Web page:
The S&W Model 66 .357 Magnum K-Frame revolver is now offered with a 2.75-inch barrel. The gun is a stainless-steel, double-action revolver with an adjustable rear sight, synthetic grips, and a six-shot cylinder.
The S&W K-Frame is iconic. The medium-size double-action revolver was first produced in 1896 in .32 S&W Long. Three years later it was chambered for .38 Special. In 1955 a .357 Magnum version was first offered. In 1957 Smith & Wesson gave its handguns a number designation, and the blued-steel medium-frame .357 Magnum model was named the Model 19. The Model 19 was also offered in nickel finish.
In 1970 stainless steel was offered, and in that form it was called the Model 66. Over the years the stainless-steel K-Frame Model 66 has been offered with 2.5-, 3.0-, 4.0-, and 6.0-inch barrels, with weights ranging from 31 to 40 ounces. They were hugely popular with both lawmen and sportsmen.
In 2014 S&W redesigned the Model 66 to incorporate a two-piece barrel setup. Basically, the barrel is composed of an inner liner and an outer shroud. Both parts are steel. This allows S&W to place the barrel shroud over an index tab on the front of the frame and then insert and thread the barrel tube to the frame and to the shroud at the muzzle end, bringing the shroud against the frame as it torques down rather than the traditional threading and crush fitting of the old-style one-piece barrel that requires forcefully tightening to proper index. The two-piece design supports the inner barrel tube at both ends, and according to some experts, it enhances accuracy.
The rear sight is fully adjustable, and it has a plain black blade. The red ramp Baughman-style front sight is pinned into the barrel shroud. The Model 66 uses the K-/L-/N-Frame rounded grip frame that all S&W revolvers currently use.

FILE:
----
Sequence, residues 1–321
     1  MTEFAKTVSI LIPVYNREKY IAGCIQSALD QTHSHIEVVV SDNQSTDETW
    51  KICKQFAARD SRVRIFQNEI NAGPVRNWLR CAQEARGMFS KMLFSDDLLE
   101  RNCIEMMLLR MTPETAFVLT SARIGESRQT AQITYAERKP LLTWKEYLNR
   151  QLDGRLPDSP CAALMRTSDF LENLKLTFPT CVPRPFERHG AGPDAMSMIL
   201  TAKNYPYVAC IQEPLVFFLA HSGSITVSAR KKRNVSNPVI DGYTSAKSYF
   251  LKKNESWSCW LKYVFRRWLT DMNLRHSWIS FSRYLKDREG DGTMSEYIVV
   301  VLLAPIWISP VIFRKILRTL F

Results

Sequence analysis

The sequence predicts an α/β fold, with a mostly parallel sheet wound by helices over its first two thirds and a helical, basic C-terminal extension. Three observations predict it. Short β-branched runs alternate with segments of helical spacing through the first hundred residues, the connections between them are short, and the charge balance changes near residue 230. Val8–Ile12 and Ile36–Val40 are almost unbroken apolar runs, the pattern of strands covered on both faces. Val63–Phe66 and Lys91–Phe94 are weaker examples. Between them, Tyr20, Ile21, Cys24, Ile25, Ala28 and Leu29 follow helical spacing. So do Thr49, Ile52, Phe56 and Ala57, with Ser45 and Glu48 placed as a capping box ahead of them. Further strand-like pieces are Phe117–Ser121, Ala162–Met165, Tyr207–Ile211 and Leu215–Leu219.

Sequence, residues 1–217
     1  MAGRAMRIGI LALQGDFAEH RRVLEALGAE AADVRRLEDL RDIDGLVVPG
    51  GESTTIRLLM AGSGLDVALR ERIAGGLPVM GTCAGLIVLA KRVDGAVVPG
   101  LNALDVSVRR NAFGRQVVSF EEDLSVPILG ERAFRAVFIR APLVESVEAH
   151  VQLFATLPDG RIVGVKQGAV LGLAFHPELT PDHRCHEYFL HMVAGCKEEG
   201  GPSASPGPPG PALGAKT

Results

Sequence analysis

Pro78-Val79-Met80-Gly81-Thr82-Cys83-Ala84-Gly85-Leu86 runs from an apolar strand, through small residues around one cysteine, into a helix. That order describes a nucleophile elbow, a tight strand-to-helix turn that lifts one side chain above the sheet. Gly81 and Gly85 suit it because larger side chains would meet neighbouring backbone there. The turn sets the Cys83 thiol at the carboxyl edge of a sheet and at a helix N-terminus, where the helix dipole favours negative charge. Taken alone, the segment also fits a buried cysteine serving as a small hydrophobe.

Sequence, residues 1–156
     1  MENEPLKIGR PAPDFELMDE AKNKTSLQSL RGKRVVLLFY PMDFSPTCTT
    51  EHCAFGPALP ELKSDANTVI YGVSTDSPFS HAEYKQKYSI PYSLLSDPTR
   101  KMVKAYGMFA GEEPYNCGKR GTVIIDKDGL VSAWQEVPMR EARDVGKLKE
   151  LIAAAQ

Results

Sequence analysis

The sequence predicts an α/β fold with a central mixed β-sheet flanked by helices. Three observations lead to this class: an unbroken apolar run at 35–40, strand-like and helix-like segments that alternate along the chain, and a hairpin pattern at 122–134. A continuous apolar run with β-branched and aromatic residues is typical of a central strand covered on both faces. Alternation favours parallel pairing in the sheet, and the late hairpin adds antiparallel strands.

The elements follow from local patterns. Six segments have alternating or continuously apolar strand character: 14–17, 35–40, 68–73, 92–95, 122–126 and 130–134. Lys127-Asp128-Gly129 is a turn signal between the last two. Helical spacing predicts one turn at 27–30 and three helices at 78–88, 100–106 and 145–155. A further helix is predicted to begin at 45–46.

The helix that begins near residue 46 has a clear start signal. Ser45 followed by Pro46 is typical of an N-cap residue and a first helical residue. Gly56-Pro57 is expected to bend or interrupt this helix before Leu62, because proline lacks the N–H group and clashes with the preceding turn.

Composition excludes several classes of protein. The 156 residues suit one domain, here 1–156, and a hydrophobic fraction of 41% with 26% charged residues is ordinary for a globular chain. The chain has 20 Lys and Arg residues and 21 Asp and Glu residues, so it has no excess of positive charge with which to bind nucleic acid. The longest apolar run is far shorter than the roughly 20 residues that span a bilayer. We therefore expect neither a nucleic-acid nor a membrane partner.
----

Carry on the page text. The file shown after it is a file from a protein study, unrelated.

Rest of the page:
The stainless-steel cylinder is fluted and holds six rounds of .357 Magnum or .38 Special ammunition. The cylinder measures 1.45 inches in diameter and 1.67 inches in length. The chambers are not counterbored
The Model 66 utilizes Smith & Wesson’s keyed locking system. It’s an internal lock that is activated via the key slot that is located just above the cylinder release latch on the left side of the revolver. When engaged, it prevents the hammer from being cocked and the trigger from being squeezed.
The cylinder yoke locks to the frame via a spring-loaded ball-detent system, and the solid, full-length, black ejector rod is unsupported. Gone are the old-style cylinder locking lug that was pinned into the barrel lug and the hollow ejector rod. The new system uses a restyled cylinder release latch, which is blackened.
On our sample the single-action trigger pull averaged a consistent 4.0 pounds, 8.0 ounces with my RCBS trigger pull scale. The SA pull was crisp and clean. The double-action pull was 12.0 pounds. By the way, the black trigger is smooth and measures 0.38 inch wide. The hammerspur is checkered, measures 0.38 inch wide, and is blackened.
The Model 66 weighs 33.5 ounces and is 7.8 inches long and 5.5 inches high. Grips are two-piece textured synthetic wraparound, held in place by a single hex-head screw.
The results of my accuracy shooting session with four factory loads—two in .38 Special and two in .357 Magnum—are listed in the accompanying chart. Note that the results are for firing the revolver mounted in a Ransom Rest. Overall average accuracy of the .38 Specials was 2.50 inches, and overall average accuracy of the .357 Magnums was 3.18 inches.
Like I said earlier, the medium-size S&W K-Frame is iconic, and the new 2.75-inch-barreled .357 Magnum Model 66 is perfect for carrying concealed. It’s powerful and superbly accurate. It serves admirably as a personal-protection gun and as a trail gun.